Star phoenix, July 11, 2016 -
The rippling effects of weak commodity prices continue to exert downward pressure on Saskatoon’s residential construction industry and home builders are responding, according to the national housing agency.
“We have been seeing some weakness in the economy, so (builders) have been scaling back and trying to unload some of their inventory,” said Canada Mortgage and Housing Corporation (CMHC) senior market analyst Goodson Mwale.
Saskatoon home builders began work on 912 new units in the first six months of the year, down 21.6 per cent from the 1,164 projects started during the same period last year, the CMHC reported Monday.
Flatlining migration and negative job growth mean the CMHC expects builders to start between 1,690 and 2,010 new units this year, Mwale said. By comparison, there were 2,293 housing starts recorded in the city last year and 3,531 in 2014.
While the number of single-detached homes under construction in the first half of the year fell 3.8 per cent compared to 2015, the pace of multi-unit building slid 35.0 per cent, to 433 starts from the 666 recorded in the first half of last year.
Mwale said the decline in apartment and condominium construction is the result of inflated inventories. With demand for existing units softening, builders have curtailed work on new projects and are using incentives to sell existing ones, he said.
“We’re seeing the new home market beginning to reflect some of that weakness we’ve seen in the resale market, and we know the resale market tends to lead the new home market by several months,” he said.
The slowing pace of residential construction in Saskatoon appears to be reflected in the latest labour force survey. The number of construction jobs in the province fell 13.5 per cent over the last year, to 52,500 from 60,700, Statistics Canada reported last week.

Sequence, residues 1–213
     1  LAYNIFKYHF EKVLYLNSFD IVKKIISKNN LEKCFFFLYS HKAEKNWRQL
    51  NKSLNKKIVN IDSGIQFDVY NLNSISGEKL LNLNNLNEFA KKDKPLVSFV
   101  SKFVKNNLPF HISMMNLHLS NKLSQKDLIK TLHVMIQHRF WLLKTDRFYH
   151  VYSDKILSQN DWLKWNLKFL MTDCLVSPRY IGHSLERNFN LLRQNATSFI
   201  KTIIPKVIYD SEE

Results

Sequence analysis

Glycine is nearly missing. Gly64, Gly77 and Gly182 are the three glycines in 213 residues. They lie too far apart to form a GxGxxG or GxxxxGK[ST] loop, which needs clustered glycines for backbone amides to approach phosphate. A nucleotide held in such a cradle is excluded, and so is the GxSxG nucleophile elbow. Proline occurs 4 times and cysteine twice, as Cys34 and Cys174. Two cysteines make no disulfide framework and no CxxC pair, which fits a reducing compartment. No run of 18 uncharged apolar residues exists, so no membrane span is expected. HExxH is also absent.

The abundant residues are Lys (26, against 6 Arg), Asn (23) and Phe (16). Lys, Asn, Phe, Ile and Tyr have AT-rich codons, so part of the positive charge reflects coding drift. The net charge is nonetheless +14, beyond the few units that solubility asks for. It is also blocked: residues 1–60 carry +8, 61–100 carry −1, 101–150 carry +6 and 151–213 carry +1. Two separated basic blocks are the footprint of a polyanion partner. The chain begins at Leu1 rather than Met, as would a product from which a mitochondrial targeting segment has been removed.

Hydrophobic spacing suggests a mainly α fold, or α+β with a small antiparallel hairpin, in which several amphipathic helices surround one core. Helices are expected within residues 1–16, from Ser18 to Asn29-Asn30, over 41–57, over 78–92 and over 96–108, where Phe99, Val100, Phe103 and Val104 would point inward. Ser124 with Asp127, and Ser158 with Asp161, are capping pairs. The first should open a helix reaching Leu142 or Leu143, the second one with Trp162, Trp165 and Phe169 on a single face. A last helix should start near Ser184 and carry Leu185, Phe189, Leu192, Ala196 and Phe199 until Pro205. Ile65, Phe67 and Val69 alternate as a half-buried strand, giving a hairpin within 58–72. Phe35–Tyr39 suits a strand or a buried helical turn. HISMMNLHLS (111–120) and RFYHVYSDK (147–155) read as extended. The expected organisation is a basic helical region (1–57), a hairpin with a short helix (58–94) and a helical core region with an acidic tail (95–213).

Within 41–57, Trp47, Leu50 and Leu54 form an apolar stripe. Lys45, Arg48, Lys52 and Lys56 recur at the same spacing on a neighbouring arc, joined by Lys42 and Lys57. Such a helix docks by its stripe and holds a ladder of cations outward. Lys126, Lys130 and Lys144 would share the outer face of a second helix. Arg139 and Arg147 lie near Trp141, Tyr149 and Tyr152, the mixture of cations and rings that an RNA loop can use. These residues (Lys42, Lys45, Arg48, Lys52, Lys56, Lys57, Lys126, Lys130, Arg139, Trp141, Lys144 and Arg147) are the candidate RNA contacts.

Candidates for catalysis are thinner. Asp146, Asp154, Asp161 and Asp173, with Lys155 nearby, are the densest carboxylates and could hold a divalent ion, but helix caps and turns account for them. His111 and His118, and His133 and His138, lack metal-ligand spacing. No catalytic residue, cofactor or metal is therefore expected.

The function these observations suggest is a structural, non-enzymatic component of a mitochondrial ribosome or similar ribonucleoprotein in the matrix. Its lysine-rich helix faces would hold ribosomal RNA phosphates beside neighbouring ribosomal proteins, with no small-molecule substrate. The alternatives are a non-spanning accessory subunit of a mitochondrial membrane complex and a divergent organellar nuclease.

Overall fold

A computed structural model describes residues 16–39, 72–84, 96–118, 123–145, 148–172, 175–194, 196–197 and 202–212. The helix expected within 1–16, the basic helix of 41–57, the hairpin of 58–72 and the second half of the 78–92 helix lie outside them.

The decline in new housing starts has created challenges for builders, contractors, tradespeople and others working in the industry, as well as forced businesses to be more competitive, according to the sales manager at Montana Homes.
However, overbuilding in 2014 and early 2015 led to inflated inventory levels — especially among apartments and condominiums — meaning a correction to a “more normal” pace of construction is necessary, Kal Hourd said.
“I think we went through some very good times, and some times where we got a little over-optimistic. Then the market couldn’t handle what we built, and now we’ve got to deal with it.”
Chris Guérette, CEO of the Saskatoon and Region Home Builders’ Association, said that while the multi-unit segment is experiencing a correction, the broader residential construction industry has returned to “average” growth.
“It’s not like we’re seeing what’s happening in the multi-units happening all over the place,” Guérette said, noting that comparisons to recent years are complicated by the fact that 2013 and 2014 experienced “spikes” in the pace of construction.
“Our members are telling us that the hard part is behind them, and so they’re pretty much on par for the rest of the year and it will pretty much remain the way it is (now),” she added.
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